When Skype Met The Stage
Are you ready? Two theatre venues in separate countries, with actors and audiences, tethered by Skype to present one simultaneous and highly interactive, trans-media, trans-atlantic play, all live streamed to the web, and responding to the input of tweets from audience members across the web. Theatre has a ‘get out of jail free’ card. Thanks, Skype.
Beth Burns’ idea to execute a stage play across the internet via video-conferencing sprung from her desire to collaborate with London’s vibrant theatre scene minus protracted travel. She approached me about feasibility, and we agreed that this project must be an application of theatre which is essentially technologically driven, and an application of technology which is inseparably theatrical. We selected Skype specifically for its features and familiarity, and crucially, for its easy accessibility to the people of the world.
To create this mutual dependence between theatre and technology, Burns wove a narrative that is an investigation of what is real in a relationship when physical proximity is unavailable, and when video-conferencing fills the absence. The play occurs simultaneously in London and in Austin.
In the story (entitled “You Wouldn’t Know Her She Lives in London” in Austin and “You Wouldn’t Know Him He Lives In Texas” in London) two long-distance lovers (Ryan and Lizzy), who conduct their relationship over Skype, determine to introduce each other to friends and family. When you attend, you are graciously pressed into service as the friends who watch as Ryan and Lizzy create a shared community. Until it goes wrong.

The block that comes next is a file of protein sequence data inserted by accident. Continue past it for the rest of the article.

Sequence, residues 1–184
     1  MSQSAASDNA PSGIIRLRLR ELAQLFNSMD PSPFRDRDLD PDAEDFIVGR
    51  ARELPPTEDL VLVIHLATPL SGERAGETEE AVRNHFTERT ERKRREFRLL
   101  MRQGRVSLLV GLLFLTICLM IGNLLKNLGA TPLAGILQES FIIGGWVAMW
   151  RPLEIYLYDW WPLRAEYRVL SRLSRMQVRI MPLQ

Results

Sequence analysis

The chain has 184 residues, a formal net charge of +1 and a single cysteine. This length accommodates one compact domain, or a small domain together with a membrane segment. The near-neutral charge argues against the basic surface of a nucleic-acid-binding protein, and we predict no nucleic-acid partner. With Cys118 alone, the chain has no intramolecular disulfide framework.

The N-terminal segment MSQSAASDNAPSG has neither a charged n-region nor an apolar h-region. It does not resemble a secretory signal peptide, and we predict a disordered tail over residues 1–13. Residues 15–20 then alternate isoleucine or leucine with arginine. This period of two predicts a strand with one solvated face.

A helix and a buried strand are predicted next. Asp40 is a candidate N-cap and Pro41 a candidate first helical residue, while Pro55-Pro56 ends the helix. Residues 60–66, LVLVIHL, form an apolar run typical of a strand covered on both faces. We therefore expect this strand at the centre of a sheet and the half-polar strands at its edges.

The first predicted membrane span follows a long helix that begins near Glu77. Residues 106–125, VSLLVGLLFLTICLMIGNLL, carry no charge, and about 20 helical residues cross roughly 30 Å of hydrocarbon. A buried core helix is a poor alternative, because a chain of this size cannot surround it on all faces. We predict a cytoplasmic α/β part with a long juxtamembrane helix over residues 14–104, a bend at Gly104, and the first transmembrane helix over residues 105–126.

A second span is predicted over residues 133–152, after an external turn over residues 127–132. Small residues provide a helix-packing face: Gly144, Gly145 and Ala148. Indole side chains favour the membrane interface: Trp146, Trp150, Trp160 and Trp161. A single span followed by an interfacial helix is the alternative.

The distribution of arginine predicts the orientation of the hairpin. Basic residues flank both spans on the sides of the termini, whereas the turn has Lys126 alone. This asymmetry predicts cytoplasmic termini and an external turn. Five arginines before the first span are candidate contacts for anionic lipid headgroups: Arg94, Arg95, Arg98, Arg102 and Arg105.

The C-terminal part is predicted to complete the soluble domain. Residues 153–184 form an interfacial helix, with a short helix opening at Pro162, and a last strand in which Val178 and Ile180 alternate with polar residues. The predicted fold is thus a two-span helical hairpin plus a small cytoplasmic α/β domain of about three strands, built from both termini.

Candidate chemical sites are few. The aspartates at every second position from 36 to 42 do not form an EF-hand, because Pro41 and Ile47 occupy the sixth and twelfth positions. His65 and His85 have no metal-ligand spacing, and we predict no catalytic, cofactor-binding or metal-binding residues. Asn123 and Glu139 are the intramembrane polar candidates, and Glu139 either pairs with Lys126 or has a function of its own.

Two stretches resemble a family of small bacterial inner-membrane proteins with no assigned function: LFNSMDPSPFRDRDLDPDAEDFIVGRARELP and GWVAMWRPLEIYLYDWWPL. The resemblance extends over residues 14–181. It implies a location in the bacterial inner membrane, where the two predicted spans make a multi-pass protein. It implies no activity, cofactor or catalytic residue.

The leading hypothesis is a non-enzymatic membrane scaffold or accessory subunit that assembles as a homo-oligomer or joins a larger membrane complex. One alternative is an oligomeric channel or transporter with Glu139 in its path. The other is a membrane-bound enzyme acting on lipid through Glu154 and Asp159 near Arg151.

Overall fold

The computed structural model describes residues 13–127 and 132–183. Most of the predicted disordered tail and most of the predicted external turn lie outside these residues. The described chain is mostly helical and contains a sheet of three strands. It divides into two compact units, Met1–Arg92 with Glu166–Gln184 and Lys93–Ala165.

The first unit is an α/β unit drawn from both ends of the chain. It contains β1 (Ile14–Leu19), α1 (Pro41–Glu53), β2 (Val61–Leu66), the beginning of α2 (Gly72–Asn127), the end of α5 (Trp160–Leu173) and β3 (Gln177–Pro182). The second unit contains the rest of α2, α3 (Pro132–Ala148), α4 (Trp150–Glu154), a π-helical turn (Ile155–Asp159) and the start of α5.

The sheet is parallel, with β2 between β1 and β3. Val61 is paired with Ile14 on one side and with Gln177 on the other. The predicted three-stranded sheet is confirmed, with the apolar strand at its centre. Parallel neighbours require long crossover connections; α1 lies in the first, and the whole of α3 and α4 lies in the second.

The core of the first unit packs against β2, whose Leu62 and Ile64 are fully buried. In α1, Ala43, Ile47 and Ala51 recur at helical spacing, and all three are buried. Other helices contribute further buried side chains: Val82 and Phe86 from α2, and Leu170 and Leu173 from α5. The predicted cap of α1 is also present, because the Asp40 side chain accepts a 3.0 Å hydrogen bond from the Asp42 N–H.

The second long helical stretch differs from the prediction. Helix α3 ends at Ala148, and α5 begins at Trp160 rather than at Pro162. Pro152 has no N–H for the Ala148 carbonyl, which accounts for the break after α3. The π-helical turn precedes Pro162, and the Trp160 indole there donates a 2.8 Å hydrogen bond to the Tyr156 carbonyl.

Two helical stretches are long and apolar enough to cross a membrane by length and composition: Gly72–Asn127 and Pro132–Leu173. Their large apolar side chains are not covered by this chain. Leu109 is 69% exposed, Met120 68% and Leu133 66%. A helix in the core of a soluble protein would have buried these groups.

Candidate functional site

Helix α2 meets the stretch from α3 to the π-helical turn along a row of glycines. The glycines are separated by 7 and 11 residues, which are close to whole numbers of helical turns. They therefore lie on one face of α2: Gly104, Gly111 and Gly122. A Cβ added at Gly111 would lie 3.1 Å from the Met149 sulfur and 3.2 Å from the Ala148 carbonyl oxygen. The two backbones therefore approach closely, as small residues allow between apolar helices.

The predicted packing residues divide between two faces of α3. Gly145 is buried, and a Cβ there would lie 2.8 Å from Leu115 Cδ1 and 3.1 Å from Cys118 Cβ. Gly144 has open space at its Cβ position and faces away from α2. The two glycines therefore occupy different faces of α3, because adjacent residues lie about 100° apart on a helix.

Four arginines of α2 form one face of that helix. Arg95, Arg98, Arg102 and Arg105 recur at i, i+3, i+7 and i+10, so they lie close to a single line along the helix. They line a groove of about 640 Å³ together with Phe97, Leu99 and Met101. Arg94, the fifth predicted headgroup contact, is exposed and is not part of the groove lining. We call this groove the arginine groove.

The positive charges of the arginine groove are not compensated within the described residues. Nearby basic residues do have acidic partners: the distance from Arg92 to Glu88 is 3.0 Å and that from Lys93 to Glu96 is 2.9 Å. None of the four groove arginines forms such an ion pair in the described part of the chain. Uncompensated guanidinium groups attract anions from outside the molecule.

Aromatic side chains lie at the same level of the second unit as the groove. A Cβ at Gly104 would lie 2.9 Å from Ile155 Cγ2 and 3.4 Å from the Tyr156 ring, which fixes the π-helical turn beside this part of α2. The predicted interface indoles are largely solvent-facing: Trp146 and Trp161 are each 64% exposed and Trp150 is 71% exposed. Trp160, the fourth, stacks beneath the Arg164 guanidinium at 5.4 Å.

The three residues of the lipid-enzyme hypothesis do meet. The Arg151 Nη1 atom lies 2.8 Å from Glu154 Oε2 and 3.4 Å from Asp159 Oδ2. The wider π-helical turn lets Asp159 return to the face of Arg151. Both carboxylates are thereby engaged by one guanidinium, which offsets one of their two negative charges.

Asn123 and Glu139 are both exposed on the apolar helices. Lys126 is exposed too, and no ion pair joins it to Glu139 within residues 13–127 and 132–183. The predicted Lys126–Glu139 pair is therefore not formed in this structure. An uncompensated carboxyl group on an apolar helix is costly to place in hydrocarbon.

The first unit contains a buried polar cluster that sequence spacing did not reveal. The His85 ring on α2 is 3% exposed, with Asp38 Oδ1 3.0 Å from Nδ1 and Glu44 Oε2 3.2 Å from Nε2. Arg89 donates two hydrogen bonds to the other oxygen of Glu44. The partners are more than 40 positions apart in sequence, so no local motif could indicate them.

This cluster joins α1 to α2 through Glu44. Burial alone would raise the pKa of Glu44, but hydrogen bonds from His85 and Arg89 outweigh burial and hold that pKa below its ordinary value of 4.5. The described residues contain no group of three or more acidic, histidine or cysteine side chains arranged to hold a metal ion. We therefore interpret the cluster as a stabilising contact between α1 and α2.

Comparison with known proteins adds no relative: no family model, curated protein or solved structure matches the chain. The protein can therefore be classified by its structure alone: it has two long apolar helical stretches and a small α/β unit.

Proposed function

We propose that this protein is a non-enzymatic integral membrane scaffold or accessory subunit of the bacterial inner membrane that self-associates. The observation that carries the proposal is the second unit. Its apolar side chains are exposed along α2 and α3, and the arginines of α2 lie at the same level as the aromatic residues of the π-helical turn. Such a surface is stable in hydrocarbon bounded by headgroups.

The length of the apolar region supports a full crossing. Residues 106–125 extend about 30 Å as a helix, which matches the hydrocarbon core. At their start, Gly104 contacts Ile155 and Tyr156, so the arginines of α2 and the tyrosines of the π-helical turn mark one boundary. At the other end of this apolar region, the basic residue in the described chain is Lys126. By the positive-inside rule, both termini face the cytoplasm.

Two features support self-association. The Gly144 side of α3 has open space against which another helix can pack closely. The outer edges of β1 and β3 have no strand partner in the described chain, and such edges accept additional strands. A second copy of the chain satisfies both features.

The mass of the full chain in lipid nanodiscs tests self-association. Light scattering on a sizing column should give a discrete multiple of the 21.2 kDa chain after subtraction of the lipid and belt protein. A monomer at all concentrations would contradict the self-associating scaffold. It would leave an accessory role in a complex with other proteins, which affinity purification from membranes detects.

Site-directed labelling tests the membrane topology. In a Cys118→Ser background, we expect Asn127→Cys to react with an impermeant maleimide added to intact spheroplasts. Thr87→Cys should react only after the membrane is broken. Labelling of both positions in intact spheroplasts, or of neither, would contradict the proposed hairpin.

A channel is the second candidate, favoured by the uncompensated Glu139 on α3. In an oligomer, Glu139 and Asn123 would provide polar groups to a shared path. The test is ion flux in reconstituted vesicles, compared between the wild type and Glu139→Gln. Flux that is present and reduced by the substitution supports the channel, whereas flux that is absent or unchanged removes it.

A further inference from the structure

To maximize interaction, we used Skype and deployed an environmental, ambient microphone set up in each space as well as move-able DV cameras to provide dynamic video. In each venue, incoming audio is amplified and video is displayed by projector or plasma.
We then extend our reach a big step further by live-streaming to the web both sides of the Skype call, resulting in live video of the play showing Austin and London looking at, and speaking to, each other. Additionally (and excitingly), we encourage interactivity from the web audience via a twitter hash tag (#TexasLondon), displayed in both physical locations and the live-stream web page, enabling actors and audiences to respond improvisationally in real-time to queries and feedback.
The results is one contiguous visual and aural theatre space wherein one play is serving 3 discrete audiences: Austin, London and the web, while enabling real-time interactivity with all three audiences, and, by extension, from anywhere on the planet. Everyone gets connected around the digital and physical campfire of a story. We live in the future.
Beth and the Hidden Room Theatre have the good fortune to collaborate with Mimi Poskitt of London’s Look Left Look Right, who produced and directed the London performance, and Conor Roche and the Roundhouse team who provided both London space and technology service, including live-streaming.
This is only a beginning. We’re working out dates for a tour of international theatre festivals. At our SXSW panel we announced a public LinkedIn group dedicated to creating conversation around this type of project. We hope you’ll join us as we forge a new form of theatre, Digital Interactive Theatre. We’re excited.